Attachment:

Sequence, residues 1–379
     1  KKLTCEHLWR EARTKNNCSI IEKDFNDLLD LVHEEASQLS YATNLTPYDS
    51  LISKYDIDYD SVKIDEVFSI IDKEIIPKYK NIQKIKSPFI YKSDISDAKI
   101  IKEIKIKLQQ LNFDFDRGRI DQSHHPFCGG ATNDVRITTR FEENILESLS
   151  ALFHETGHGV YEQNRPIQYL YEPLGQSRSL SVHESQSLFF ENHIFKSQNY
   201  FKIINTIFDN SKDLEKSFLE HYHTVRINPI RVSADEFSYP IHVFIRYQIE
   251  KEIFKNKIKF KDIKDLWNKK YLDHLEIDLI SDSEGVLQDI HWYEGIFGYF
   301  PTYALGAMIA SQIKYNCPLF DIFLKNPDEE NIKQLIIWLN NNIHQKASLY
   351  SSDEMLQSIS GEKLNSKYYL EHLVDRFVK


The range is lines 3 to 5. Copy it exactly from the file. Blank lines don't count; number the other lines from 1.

    51  LISKYDIDYD SVKIDEVFSI IDKEIIPKYK NIQKIKSPFI YKSDISDAKI
   101  IKEIKIKLQQ LNFDFDRGRI DQSHHPFCGG ATNDVRITTR FEENILESLS
   151  ALFHETGHGV YEQNRPIQYL YEPLGQSRSL SVHESQSLFF ENHIFKSQNY